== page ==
Earth Imaging Journal: Remote Sensing, Satellite Images, Satellite Imagery
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On March 9, 2017, Landsat 8 captured this natural-color image of a snow-covered Bryce Canyon National Park. (Credit: NASA Earth Observatory image by Joshua Stevens, using Landsat data from the U.S. Geological Survey)

Utah’s Bryce Canyon is not the deepest canyon in the United States; its largest “amphitheater” of naturally eroded rock drops 240 meters. Arizona’s Grand Canyon, for comparison, measures more than 1,800 meters deep in places. But photographers who visit Bryce Canyon National Park typically aren’t looking for dizzying heights and depth; they’re often trying to capture images of the delicate spires called “hoodoos” that rise from the canyon.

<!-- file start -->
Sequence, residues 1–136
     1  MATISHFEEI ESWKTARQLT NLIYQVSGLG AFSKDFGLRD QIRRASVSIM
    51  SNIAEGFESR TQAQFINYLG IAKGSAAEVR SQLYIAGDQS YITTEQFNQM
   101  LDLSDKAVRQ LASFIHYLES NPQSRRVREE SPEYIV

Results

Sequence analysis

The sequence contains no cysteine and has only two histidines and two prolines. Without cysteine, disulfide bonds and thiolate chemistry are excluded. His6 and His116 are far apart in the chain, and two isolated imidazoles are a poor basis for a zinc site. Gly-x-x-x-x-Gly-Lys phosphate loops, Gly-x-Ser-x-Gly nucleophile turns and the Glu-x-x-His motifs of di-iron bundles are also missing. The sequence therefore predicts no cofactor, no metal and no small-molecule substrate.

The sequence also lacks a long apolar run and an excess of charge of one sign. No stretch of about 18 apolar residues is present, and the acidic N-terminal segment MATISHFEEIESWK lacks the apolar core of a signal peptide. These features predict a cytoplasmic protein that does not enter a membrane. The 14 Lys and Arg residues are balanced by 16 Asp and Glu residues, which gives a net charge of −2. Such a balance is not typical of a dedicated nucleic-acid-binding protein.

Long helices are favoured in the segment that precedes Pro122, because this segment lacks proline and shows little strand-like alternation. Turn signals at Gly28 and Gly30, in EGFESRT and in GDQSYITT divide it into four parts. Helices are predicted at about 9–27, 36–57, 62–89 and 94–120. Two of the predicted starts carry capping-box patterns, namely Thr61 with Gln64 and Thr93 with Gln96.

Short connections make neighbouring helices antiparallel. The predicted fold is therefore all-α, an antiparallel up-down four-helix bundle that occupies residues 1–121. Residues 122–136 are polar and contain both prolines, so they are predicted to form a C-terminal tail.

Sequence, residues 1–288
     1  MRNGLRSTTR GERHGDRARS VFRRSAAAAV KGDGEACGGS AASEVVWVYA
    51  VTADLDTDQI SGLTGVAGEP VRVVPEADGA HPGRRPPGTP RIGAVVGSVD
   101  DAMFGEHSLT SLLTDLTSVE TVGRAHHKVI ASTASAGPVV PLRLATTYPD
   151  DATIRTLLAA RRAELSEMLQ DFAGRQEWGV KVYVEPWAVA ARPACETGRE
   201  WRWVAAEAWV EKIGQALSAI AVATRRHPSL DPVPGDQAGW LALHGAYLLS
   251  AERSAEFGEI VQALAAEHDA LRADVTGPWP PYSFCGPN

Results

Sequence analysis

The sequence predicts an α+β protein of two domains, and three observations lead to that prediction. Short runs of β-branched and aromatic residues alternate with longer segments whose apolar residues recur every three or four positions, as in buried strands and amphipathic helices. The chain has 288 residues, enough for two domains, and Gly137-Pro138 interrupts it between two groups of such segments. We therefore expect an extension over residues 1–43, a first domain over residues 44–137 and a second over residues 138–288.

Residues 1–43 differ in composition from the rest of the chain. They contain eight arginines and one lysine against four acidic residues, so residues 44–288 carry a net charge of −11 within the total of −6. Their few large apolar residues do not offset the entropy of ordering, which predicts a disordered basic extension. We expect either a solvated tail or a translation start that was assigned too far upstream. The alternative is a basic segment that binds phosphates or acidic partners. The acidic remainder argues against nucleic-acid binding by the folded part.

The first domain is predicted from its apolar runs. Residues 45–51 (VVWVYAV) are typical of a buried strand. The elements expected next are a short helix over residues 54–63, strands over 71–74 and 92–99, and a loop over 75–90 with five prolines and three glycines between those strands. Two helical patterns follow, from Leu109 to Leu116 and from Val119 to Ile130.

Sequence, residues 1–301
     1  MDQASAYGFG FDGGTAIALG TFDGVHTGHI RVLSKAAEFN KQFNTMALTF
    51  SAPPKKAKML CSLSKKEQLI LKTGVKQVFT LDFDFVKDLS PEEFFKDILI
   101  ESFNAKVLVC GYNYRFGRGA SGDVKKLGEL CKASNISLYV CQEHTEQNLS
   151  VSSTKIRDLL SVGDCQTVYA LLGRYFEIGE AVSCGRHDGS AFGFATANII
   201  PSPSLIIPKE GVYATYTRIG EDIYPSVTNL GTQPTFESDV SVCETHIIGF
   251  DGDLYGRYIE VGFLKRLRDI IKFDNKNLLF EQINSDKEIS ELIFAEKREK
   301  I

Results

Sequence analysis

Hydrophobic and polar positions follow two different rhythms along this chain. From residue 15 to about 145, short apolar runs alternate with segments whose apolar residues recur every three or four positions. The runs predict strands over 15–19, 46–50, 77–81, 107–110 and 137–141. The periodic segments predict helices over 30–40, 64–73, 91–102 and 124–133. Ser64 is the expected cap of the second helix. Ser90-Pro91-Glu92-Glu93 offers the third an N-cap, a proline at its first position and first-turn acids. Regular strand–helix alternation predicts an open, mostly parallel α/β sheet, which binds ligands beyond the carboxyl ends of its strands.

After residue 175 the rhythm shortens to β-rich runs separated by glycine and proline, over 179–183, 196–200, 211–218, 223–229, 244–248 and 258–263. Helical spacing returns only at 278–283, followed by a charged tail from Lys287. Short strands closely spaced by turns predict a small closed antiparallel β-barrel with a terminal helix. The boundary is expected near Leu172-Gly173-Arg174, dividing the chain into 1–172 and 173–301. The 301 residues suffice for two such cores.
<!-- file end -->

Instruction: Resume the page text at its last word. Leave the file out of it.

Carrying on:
This Landsat 8 satellite image collected by its Operational Land Imager shows the north-central part of the park in the vicinity of the main amphitheater. Unlike canyons sculpted primarily by a river, Bryce Canyon is the result of weather-induced erosion. Through time, weathering shaped the hoodoo-filled amphitheaters that descend from the east side of the Paunsaugunt Plateau. Compared to Zion Canyon just 80 kilometers away, Bryce Canyon is about 300 meters higher in elevation, and the climate is cooler and moister.

 

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